Phosphorus management in the Baltic Sea historic evidence and future options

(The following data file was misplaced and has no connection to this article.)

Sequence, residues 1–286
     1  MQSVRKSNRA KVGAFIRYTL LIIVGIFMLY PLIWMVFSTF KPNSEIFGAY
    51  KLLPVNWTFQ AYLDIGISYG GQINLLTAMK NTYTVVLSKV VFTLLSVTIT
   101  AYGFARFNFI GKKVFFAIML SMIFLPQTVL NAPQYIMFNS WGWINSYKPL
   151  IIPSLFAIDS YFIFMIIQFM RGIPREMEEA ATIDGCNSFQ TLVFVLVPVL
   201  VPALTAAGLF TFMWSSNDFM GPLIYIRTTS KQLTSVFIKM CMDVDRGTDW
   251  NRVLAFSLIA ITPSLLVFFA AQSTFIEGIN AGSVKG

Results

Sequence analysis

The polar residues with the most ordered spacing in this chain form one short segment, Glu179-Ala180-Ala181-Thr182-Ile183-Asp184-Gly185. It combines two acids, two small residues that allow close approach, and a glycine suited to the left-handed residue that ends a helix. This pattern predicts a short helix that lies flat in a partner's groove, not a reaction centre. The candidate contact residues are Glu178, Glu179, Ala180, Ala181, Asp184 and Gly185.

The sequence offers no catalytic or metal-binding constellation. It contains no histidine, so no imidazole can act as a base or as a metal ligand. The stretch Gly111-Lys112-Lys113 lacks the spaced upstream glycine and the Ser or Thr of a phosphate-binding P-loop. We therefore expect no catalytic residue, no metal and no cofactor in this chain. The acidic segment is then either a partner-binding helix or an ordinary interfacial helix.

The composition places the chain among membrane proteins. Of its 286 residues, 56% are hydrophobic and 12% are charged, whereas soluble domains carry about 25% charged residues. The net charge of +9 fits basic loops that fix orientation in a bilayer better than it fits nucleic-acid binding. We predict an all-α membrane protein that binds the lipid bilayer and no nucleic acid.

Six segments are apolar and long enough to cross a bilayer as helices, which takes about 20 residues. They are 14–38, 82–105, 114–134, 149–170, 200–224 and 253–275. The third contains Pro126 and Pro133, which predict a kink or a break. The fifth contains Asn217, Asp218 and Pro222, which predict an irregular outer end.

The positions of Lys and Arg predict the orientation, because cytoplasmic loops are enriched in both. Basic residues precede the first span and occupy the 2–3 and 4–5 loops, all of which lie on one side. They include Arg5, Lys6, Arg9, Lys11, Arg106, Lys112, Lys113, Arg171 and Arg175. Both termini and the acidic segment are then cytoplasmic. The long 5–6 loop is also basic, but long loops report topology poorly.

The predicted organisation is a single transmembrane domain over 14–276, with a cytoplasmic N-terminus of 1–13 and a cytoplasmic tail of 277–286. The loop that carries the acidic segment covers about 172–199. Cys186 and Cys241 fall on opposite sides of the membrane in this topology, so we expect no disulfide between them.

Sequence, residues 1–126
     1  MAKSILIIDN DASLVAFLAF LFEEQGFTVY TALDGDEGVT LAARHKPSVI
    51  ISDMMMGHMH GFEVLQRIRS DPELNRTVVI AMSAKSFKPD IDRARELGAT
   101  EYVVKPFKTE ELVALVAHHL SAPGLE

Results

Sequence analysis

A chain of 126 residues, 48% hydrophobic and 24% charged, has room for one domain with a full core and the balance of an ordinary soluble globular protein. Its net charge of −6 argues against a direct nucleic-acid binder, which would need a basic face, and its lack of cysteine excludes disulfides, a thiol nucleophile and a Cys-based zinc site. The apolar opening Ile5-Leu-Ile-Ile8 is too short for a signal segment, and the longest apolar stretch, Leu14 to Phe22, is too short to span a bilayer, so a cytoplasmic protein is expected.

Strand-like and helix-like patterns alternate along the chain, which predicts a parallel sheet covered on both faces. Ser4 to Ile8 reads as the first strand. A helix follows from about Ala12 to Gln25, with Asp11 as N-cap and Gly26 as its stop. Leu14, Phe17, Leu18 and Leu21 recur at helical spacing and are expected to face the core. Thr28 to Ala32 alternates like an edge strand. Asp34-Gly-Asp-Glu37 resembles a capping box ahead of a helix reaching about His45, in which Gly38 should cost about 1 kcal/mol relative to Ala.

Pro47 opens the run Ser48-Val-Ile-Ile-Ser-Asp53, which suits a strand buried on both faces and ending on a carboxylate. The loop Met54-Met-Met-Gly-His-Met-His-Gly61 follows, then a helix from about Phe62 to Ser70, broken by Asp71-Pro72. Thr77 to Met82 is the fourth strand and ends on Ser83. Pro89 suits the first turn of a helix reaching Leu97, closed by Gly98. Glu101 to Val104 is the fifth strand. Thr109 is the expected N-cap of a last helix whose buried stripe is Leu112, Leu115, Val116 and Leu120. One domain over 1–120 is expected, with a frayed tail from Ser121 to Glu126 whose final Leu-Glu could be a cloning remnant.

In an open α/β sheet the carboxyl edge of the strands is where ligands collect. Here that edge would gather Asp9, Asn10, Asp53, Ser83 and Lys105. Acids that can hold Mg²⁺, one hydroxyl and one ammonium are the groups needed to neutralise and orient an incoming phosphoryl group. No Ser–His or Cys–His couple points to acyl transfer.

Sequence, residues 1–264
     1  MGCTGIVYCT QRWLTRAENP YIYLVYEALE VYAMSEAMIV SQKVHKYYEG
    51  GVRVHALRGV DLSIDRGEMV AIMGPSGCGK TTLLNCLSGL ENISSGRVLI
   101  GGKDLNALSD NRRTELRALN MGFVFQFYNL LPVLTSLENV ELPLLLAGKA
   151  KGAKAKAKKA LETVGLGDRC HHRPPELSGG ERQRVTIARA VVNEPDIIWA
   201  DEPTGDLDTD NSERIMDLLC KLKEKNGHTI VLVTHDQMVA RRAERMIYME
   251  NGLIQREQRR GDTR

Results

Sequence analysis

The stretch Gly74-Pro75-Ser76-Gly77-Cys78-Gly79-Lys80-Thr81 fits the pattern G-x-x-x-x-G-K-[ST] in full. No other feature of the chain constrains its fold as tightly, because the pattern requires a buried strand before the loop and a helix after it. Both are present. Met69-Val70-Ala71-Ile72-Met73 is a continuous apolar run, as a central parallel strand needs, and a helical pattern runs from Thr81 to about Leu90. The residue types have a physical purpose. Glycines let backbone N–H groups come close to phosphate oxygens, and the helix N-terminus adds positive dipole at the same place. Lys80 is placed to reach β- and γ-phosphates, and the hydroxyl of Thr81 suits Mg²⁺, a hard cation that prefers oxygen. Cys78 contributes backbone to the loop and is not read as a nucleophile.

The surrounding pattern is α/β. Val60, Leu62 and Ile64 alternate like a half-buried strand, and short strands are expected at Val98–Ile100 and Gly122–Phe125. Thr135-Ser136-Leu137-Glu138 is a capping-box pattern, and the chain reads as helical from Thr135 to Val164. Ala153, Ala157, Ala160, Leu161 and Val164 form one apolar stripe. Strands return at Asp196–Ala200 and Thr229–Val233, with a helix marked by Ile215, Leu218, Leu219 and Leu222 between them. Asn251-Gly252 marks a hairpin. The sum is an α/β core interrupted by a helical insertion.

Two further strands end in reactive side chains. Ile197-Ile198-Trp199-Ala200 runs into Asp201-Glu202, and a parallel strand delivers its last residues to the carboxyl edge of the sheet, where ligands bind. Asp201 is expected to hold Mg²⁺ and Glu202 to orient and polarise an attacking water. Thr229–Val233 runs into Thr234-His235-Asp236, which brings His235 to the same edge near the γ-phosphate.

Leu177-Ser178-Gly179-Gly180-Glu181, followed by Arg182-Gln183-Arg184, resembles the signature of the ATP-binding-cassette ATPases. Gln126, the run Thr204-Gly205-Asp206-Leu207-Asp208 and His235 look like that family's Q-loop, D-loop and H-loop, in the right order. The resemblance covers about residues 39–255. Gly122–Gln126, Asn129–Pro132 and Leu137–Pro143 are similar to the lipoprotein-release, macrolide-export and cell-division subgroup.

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Phosphorus being one of the essential elements for all forms of life is also a finite resource. The extensive use of Phosphorus in anthropogenic activities has lead to high nutrient load in surface waters causing eutrophication. The Baltic Sea being a semi enclosed water body and a good example of eutrophication has been chosen as model basis. To determine the magnitude of phosphorus use in Riparian States and the total loads to the sea is investigated using a systems analysis approach. In this thesis the phosphorous flows were examined using substance flow analysis of two types of systems: anthropogenic system and a sub basin system. The anthropogenic system presents the flows and stocks of phosphorus within processes with phosphorus utilization within each Riparian country and the total load of phosphorus to the Baltic Sea. The sub basin system models individual sub basins to determine the total input of phosphorus and the resident stocks of phosphorus in sea water and biomass. Based on the sub basin a hypothesis is formulated to determine the fate of phosphorus in the sea and the identify sinks of phosphorus. Hypothesis: The inflow of phosphorus into the Baltic Sea is not coupled with an increase in phosphorus stock but result in a high sedimentation rate. The sub basins represent phosphorus exporters to other neighboring basins. Within the anthropogenic system, agriculture and food market posses the largest flows and stocks of phosphorus. While the largest loads from the anthropogenic systems are from agricultural run off and waste water discharge. Poland is found to have major share in this contribution of phosphorus flows to the Baltic Sea. The sub basin Baltic Proper contains the largest stock of phosphorus among all the other sub basins. The test of the hypothesis hold true and sediments of the Baltic Sea have been recognized as major sinks of phosphorus.